Lagos – The National Board for Technical Education (NBTE) on Monday said available statistics on young Nigerians enrollment into Technical Colleges showed a reduction in enrollment.
NBTE’s Director of Technical Vocational and Skills Development, Mr Abbati Muhammad, made the disclosure at a National Occupational Standard Development and Classification of Dual Vocational Training (DVT) Curricula Workshop in Lagos.
Muhammad, who represented NBTE’s Executive Secretary, Dr Adamu Kazuare, at the opening ceremony of the workshop, said there was an increase in the number of Nigerians enrolling to Polytechnics.
“Let me say that in 2015, about 62, 171 young Nigerians enrolled into Nigeria Technical colleges.
“While there is a growing interest of young Nigerians today, enrollment into Technical colleges has continued to grow lower and lower,” he said.
The Director said that Nigerians were no longer interested in the colleges due to absence of training facilities, lack of commitment on the part of the providers, as well as ignorance.
Muhammad said some students were not aware of the employment opportunities that would readily await them during and immediately after their studies in the colleges.
He appealed to young Nigerians to avail themselves of the opportunities for them in technical colleges.
Muhammad commended the delegation of German Industry and Commerce in Nigeria for introducing the dual vocational training to Nigeria.
He said that many young Nigerians had so far benefited from it.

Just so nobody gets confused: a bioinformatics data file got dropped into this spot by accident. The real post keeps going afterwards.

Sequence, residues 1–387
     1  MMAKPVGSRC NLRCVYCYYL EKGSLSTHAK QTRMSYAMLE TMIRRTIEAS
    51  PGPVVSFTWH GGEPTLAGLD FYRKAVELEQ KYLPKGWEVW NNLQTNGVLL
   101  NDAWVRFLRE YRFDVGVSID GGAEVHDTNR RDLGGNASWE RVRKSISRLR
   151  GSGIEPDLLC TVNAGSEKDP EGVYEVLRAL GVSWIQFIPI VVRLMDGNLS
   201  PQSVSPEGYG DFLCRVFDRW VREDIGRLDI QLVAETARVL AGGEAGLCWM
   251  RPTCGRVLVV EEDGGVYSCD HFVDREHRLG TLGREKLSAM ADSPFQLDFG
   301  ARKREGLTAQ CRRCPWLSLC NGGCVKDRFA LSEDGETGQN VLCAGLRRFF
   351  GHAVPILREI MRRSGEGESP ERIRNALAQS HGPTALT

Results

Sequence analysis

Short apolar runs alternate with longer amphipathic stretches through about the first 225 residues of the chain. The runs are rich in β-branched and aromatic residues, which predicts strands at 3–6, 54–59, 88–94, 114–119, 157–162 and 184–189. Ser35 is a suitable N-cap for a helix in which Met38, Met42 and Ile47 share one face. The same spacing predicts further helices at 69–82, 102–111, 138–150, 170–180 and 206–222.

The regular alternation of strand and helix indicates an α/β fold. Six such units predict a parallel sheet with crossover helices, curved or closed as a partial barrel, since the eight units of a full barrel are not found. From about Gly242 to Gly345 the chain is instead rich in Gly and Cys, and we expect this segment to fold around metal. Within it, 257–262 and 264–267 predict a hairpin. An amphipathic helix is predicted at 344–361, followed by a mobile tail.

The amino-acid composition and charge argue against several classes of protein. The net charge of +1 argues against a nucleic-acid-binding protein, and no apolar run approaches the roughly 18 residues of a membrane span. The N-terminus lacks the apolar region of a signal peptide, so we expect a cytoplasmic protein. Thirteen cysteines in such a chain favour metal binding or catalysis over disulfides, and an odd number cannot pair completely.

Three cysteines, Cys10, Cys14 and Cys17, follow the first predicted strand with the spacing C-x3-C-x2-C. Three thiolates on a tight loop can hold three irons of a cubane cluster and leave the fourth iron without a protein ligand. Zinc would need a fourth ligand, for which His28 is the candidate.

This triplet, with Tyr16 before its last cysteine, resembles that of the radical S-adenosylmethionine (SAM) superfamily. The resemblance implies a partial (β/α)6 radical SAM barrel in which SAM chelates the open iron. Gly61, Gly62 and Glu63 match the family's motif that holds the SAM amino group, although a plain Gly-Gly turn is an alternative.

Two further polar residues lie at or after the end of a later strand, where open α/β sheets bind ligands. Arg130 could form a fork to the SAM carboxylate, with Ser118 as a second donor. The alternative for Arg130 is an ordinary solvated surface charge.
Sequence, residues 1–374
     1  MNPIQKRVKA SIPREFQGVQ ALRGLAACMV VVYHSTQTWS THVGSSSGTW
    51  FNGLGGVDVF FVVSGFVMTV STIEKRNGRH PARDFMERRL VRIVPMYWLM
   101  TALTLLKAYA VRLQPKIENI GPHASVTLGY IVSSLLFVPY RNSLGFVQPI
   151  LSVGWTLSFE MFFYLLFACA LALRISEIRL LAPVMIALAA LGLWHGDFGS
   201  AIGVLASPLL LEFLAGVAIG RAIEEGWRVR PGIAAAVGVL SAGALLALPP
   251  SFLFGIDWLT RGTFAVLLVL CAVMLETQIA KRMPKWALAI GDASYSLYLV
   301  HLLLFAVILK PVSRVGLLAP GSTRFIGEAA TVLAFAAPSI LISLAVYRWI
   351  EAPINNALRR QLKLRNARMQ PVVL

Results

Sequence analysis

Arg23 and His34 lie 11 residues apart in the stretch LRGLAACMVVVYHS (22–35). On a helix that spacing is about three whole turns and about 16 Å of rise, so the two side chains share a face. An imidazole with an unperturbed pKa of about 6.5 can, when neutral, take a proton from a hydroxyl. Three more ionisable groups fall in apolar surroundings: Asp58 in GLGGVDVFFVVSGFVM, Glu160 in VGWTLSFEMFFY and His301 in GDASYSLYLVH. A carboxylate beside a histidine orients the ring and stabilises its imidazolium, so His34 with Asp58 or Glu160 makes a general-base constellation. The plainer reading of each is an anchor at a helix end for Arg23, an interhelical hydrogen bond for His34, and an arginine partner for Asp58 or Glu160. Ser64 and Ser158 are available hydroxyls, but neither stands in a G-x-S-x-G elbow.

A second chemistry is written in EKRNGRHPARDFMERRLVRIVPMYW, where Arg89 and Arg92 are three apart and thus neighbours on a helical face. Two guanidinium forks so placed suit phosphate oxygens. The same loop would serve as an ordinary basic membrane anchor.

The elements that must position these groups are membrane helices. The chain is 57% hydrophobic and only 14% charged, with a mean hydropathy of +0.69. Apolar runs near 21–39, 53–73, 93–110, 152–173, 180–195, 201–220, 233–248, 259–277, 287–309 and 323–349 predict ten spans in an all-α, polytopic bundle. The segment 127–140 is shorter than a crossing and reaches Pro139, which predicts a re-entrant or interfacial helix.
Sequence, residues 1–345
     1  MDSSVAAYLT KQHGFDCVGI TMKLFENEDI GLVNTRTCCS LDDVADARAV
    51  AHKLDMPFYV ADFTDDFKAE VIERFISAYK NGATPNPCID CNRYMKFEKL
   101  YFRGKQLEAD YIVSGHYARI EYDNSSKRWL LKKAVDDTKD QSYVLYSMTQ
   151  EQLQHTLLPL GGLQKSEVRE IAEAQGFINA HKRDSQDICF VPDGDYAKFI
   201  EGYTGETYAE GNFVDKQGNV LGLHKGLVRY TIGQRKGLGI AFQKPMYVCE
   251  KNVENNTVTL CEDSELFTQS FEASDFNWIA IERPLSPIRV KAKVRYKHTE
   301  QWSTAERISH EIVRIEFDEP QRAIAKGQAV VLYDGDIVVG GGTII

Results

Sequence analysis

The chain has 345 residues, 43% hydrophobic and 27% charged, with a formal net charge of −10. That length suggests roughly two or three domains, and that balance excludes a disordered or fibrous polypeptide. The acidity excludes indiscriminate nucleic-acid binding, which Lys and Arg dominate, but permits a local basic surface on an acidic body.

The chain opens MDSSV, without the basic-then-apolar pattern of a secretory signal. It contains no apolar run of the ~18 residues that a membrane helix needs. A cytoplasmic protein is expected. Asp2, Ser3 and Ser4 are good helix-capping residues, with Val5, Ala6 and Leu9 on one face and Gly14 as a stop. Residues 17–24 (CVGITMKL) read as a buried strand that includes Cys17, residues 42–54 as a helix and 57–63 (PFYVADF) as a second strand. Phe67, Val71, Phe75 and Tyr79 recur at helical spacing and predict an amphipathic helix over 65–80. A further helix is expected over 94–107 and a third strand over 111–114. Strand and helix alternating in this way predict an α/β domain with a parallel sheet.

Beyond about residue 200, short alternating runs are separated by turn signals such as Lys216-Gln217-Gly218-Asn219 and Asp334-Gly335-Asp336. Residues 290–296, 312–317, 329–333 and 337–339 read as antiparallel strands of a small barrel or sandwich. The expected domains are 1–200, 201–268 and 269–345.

The director said the workshop was organised to forge more collaboration between the German Government, NBTE, NACCIMA as well as the Ogun and Lagos Chambers of Commerce and Industry in producing National Occupational Standard.
The National President of NACCIMA, Chief Alaba Lawson, described the workshop as being “historical”, because the private sector was prepared to work with other stakeholders in repositioning the nation’s artisans.
According to her, Nigeria should not continue to bring in artisans from Lome and Cotonou when there are undeveloped and unutilised artisans in the country.
“We no longer want to be going to places like Lome and Cotonou to be bringing in plumbers, bricklayers and electricians.
“We need to urgently begin to restore our once enviable Technical colleges for prompt, efficient and effective services of artisans,” she said.
Mr Stephen Awoyele, the Project Coordinator of the German Dual Vocational Education Partnership with Nigeria (DVT), said the project, which commenced in 2012, was meant to increase the qualification and employability of young Nigerians.
Awoyele expressed satisfaction at the success so far recorded by DVT in the benefiting States.
He said that the German Government was also planning to train trainers for repositioning of Nigeria’s hospitality sector.
“We are soon also going to be looking at other sectors like the hospitality sector, where Nigeria currently has a dearth of skills,” he said. (NAN)